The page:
lego brick pattentOn January 28, 1958 at 1:58 pm Godtfred Kirk Christiansen submitted the patent application for the improved Lego brick and building system in Copenhagen, Denmark. Today, the thousands of different shapes, sizes and colors of Legos are all designed to connect with the original brick from the Danish patent. All 2×4 Legos made since 1958 have been manufactured to the exact same measurements as the version outlined in the original patent.
Legos began in the workshop of a carpenter from Billund, Denmark. Ole Kirk Christiansen was a carpenter who made his living building houses and furniture for farmers. A fire in his workshop and the Great Depression ultimately led Christiansen to begin producing wooden toys including piggy banks, cars and trucks in 1932. The name Lego was given to the business in 1934. The word is a self-made contraction of the Danish words leg and godt which mean play well. Det beste er ikke for godt which roughly translates to mean “Not even the best is good enough” was the Lego motto.
In 1947, the Lego Company purchased Demark’s first plastic injection-molding machine for making toys. The first big plastic toy hit for the Lego company was a model tractor produced as a Christmas toy in 1951. In 1949, the Christiansens introduced “Automatic Binding Bricks.” These first plastic building blocks had pegs on top and hollow bottoms. They allowed children to build structures never even dreamed of with wooden blocks but these bricks still had problems with stability. The hollow bottoms meant the bricks never really stuck together. These new bricks despite being a great improvement over wooden bricks were not well received. Sales of these toys were very limited in the early 1950’s.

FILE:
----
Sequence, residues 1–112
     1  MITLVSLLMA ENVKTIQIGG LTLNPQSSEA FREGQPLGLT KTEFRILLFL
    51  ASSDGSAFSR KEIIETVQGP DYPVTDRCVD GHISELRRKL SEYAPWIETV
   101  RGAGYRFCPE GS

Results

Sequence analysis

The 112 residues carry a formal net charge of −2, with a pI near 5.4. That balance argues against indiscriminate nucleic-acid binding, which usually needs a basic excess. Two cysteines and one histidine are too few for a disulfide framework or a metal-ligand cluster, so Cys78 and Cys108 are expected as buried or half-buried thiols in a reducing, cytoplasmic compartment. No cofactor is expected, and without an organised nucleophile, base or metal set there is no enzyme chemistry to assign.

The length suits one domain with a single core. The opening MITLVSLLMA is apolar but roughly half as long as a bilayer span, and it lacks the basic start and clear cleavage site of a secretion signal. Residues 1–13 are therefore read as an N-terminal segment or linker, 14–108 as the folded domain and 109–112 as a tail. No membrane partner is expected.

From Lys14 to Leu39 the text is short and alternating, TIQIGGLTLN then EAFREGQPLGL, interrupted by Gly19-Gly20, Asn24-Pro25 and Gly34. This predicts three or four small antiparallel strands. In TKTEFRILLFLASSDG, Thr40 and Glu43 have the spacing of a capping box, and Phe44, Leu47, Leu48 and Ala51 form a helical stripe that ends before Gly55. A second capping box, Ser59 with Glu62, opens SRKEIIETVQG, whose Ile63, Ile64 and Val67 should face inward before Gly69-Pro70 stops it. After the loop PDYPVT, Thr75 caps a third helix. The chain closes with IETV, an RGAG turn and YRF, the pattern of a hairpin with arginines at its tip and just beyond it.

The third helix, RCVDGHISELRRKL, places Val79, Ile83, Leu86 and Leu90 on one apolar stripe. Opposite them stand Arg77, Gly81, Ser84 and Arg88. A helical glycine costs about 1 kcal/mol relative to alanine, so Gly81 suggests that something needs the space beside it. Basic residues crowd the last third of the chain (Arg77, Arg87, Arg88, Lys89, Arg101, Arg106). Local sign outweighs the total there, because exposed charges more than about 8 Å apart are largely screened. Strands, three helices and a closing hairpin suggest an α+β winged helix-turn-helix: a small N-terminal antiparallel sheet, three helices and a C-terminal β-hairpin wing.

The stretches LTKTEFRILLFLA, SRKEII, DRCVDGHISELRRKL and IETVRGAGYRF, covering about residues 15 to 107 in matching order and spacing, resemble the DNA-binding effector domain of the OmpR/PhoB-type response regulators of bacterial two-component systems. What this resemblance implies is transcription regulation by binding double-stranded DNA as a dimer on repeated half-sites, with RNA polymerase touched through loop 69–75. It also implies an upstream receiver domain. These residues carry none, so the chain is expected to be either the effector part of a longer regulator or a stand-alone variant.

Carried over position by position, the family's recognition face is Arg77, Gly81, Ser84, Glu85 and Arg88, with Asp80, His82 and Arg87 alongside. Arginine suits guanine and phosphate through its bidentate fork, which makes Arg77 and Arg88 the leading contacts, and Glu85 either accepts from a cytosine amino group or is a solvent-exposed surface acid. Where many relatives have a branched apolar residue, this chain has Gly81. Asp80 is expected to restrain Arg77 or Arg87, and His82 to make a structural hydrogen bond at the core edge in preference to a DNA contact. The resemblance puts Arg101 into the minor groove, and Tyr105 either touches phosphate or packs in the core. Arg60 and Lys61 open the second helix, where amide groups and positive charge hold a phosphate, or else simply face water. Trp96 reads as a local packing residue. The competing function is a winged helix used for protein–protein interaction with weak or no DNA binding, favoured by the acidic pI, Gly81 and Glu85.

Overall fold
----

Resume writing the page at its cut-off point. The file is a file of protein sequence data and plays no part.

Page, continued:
Godtfred Christian, son of Ole Kirk, saw the immense potential of these bricks as a play system for children. After extensive experimentation, Godtfred Christian settled on the stud and tube solution to improve the stability of the bricks. In 1958, the “Lego System of Play” consisting of 28 sets and 8 vehicles was introduced. Legos were first introduced to the United States in 1961. The same year, Godtfred Christian was issued his first US Patent. On October 24, 1961, patent #3,005,282 was issued for toy building bricks. In 1962, the Lego company switched from using Cellulose Acetate to Acrylonitrile Butadeine Stryrene to manufacture the play bricks. This new material was more colorfast and durable.